They over-hyped tonight’s concert of the Philharmonie Salzburg in the Great Hall of the Mozarteum. Or maybe I should not have gone to this concert so soon after returning from hearing both the Philharmoniker and the Symphoniker in Vienna this past weekend. Still, the Philharmonie Salzburg sounds like a pretty good youth orchestra.
The announced conductor, Elisabeth Fuchs (the orchestra’s founder) did not appear (although she remains on the concert’s website, she was not in the program), and instead a 23-year-old cellist, Tobias Wögerer took the podium (after making his debut as a conductor in his native Linz earlier this year). I suppose conductors have to start sometime and somewhere, so I will give him a pass. He had a clear stick technique, but the orchestra did not always get it together. In many respects, the orchestra did not blend as an orchestra, but rather each instrument and each line sounded exposed, a collection of musicians playing on stage at the same time (well, usually), but not necessarily together to form a coherent sound. I do not know how much of this was attributable to Wögerer, how much to the mysteriously absent Fuchs who presumably rehearsed them, or how much to the youth of the musicians in the orchestra itself. While an orchestra should be better than the sum of its parts, in this case the individual musicians were better and the orchestra was worse.
The concert opened with Tschaikowsky’s Romeo and Juliet Fantasy Overture, which Wögerer took at an unusually slow tempo, accentuating the drama. While this worked for the opening sections, the orchestra did not hold together all the way through.
Russian pianist Nikolai Tokarev arrived on stage for Rachmaninov’s Rhapsody on a Theme of Paganini. By the look of it, his luggage never arrived with him, as he did not dress for the concert, performing in jeans and an open-collared casual shirt. Wögerer had the orchestra play everything staccato. This had the interesting result of accentuating the natural staccato of the piano, but also made each attack more exposed if not everyone hit each note preceisely together (they did not). Despite this attempt to play in a lively way, Tokarev lost interest somewhere along the way, and the entire piece became unusually dull. Once the piece dragged on to its ultimate conclusion, Tokarev gave us for an encore a few more solo variations on the same Paganini theme, in a much more contemporary style. I don’t know if some composer after Rachmaninov (but less talented) wrote these additional variations out, or if Tokarev simply improvised. I suppose it did not matter.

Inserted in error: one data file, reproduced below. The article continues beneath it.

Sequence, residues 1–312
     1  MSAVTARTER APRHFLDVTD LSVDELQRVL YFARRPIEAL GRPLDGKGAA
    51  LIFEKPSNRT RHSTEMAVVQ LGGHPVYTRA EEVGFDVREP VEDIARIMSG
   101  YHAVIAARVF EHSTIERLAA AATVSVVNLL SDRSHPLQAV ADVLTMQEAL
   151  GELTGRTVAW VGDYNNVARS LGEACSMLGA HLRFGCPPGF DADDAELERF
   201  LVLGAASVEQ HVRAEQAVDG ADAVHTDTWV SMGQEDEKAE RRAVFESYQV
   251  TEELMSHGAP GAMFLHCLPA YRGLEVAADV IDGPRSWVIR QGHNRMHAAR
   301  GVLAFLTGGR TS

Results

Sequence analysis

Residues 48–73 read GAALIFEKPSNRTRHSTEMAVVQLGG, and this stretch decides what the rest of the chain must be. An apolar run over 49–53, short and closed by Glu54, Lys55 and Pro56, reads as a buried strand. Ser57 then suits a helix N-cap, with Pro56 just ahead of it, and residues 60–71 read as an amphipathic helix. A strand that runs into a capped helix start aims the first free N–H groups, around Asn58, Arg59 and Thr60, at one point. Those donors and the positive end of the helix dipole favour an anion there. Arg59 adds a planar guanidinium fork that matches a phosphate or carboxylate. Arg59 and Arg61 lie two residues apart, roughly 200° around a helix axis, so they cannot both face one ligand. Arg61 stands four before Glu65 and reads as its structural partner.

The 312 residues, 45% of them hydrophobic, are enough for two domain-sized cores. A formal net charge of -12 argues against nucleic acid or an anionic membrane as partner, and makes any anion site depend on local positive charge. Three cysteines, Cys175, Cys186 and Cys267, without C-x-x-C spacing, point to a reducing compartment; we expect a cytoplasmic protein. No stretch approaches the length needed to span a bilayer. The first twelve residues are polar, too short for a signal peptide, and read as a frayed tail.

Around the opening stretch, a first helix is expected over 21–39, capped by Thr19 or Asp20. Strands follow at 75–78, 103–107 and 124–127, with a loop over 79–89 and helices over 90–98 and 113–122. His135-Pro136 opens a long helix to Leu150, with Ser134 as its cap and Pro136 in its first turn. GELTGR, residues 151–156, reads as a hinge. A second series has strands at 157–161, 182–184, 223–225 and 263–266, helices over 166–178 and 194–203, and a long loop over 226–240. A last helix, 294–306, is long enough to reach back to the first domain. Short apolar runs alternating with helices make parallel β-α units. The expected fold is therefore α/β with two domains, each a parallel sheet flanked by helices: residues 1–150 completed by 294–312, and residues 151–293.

After the intermission, the orchestra returned to perform Tschaikowsky’s Symphony #6. Again, it was rather unfortunate that whereas I bought tonight’s ticket a month ago, I got a last-minute ticket to hear the Philharmoniker perform this same work in the Musikverein last weekend. Although I experienced the Philharmoniker from a seat in the midst of the percussion section, and therefore out of balance, these poor students tonight in no way could match the world’s best orchestra, and they did not. As a youth orchestra, however, they were good – although, as noted earlier, they tended to perform individually as a group rather than always joining together for a common sound. The audience was disproportionately young – the orchestra and Wögerer clearly invited all of their friends, so they got a rousing (deserved) applause.